This is my 3,382nd, and last, Fool.com column.
Nine years ago this week I was a private equity intern wondering if the 2007 credit crunch would hurt his employer. The answer was "yes." I quickly needed to find something else to do. A friend wrote for The Motley Fool and said I should look into it. I did, and it's been an amazing experience ever since.
Here are the most important things I learned in nine years.
• Investment fees are falling. Investment costs are not. Index fund fees now round to zero. That's a big win for investors. But the emotional cost of investing is as high as it's ever been. The massive increase in financial media is great, but it has a downside: We are bombarded with more headlines than ever that feed on greed, fear and doubt, making it easier than ever to get sidetracked into ruts of excitement, confusion and pessimism. Everything that's valuable has a cost. The biggest cost in investing is the emotions of being uncomfortable, not knowing what the future will bring and wondering if you're doing the right thing. These costs are orders of magnitude larger than fees paid to advisers, and their currency is stress hormones rather than dollars.
• Most investing success boils down to avoiding catastrophic mistakes. Few "good" decisions are needed to do well over time. This is a new development in the investing world. In the past, successful investing meant being on the inside, with access to the products and information required to do well. Today, every tool needed for success is available to every investor, no matter how small. Low-cost funds, news, disclosures, tracking software -- they're all there for everyone to use. All you have to do is keep your head on straight and not screw it up. That's the only skill investing requires these days.
• Most investing mistakes and frustrations come from trying to run a marathon in an hour. Diversified investing is so simple. Companies earn profits, and over a long period of time those profits accrue to shareholders. If you leave it at that — and you should — investing is such a basic game that doesn't require much action. But instead of letting profits accrue over time, a lot of the investment industry attempts to speed up the process by front-loading gains into shorter periods. This is done by guessing what other investors will do next and trying to get ahead of them. It's a billion times harder than true investing, and it's the cause of most investment mistakes. Alas, it's too potentially lucrative for many to pass up.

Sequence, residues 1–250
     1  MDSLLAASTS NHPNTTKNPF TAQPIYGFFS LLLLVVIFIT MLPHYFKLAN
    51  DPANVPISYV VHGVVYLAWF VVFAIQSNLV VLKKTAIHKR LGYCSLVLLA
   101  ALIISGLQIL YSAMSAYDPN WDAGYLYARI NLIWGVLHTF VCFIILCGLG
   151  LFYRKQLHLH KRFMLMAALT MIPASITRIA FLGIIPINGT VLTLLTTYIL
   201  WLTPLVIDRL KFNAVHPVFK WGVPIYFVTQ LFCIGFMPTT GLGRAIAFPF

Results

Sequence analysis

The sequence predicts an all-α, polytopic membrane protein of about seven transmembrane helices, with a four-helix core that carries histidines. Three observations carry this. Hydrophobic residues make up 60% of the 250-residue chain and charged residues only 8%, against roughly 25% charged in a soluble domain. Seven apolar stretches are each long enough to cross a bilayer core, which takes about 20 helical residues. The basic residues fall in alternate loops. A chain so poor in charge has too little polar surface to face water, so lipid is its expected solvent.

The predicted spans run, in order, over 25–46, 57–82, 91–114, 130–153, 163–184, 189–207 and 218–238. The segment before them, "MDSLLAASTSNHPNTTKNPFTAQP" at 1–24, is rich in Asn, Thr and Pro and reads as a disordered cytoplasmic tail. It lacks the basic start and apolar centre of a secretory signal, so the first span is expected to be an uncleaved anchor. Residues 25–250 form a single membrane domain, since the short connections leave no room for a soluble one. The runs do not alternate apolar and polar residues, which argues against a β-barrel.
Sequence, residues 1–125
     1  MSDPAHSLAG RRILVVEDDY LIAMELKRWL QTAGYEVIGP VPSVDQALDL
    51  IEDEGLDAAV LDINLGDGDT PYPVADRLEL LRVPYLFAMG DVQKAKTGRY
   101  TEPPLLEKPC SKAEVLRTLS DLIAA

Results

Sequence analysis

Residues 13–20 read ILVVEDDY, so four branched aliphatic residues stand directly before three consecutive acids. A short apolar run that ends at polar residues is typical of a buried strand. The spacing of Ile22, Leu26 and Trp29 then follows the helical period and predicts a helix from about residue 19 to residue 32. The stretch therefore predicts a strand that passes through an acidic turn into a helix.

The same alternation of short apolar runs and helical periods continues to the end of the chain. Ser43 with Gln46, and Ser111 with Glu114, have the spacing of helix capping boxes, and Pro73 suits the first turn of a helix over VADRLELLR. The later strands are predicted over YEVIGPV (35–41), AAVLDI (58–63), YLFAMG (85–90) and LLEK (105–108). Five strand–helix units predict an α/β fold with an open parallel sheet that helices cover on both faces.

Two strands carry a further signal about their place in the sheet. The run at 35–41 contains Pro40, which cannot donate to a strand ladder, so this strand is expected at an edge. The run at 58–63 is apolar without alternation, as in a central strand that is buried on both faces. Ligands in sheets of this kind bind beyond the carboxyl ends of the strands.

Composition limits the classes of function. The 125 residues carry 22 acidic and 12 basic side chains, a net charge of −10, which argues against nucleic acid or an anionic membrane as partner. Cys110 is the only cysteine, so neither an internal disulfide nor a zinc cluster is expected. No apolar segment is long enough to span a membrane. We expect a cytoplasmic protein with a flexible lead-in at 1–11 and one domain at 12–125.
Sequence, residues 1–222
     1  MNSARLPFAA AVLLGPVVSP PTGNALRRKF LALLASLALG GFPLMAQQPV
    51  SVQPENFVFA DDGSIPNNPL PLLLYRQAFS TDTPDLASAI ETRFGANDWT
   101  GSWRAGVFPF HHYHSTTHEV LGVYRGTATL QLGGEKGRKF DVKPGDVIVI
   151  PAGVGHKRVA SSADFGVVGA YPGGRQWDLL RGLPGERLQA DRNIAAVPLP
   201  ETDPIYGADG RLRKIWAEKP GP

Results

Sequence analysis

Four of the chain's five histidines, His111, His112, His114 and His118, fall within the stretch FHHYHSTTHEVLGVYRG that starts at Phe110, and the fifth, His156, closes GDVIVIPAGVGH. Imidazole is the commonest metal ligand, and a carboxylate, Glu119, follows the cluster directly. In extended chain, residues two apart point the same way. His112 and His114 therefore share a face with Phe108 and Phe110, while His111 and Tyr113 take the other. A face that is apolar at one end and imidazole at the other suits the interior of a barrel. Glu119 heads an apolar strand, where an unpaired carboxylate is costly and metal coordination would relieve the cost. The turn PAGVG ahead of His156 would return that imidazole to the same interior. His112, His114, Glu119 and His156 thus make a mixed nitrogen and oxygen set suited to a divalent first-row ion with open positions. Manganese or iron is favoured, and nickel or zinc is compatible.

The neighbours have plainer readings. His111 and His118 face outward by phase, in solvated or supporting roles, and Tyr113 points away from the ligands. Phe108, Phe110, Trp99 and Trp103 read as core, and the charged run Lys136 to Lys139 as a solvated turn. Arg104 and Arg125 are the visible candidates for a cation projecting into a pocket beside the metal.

• Progress happens too slowly to notice; setbacks happen too quickly to ignore. The market quickly lost 38 percent in 2008, and it was huge deal. Books were written about it, and Congressional hearings were held. We'll be talking about it for decades. The market then slowly tripled from 2009 to 2015, and barely anyone flinched. You had to sit down and show people the numbers to get them to believe you.
This is common: Recessions take place over months; recoveries take place over years. It can takes decades for companies to become valuable, but bankruptcies happen overnight. Pain hurts more than the same level of gain feels good, but the duration difference between progress and setbacks helps explain why there are so many pessimists amid a backdrop of things getting better over time.
Learn to make room
• Few things are more valuable than room for error. Having a big gap between what could happen and what you need to have happen to meet your goals is priceless. Long-term success has more to do with the ability to constantly shrug your shoulders at the world's unpredictability than it does constantly being right.
• "Don't do anything" is the best advice for most people most of the time, but it's not intellectually stimulating enough for many people to take seriously. Most fields have a positive correlation between effort and results. Investing is one of few where the correlation is negative, especially for amateurs. The higher your IQ is, the harder it is to accept this.
• No one is smarter than the collective intelligence of millions of other investors. Some, however, are a little more patient and less emotional. That's where the potential for "edge" is found. Thirty years ago, investing was mostly an analytical game, because information was scarce and computers weren't scouring the world for mispriced assets. That's changed. Most analytical opportunity has now been fully exploited. But there's still huge opportunity to gain an edge over most investors through patience and good behavior.
• There has never been a better time to be an investor. Ever, in history. More people have access to first-class services than ever before. It's so important, and we don't spend enough time realizing how good it is.
Thanks for a great nine years.
Morgan Housel left The Motley Fool on Aug. 31 ending his syndication agreement with Universal Uclick. This is the final The Motley Fool Investor column.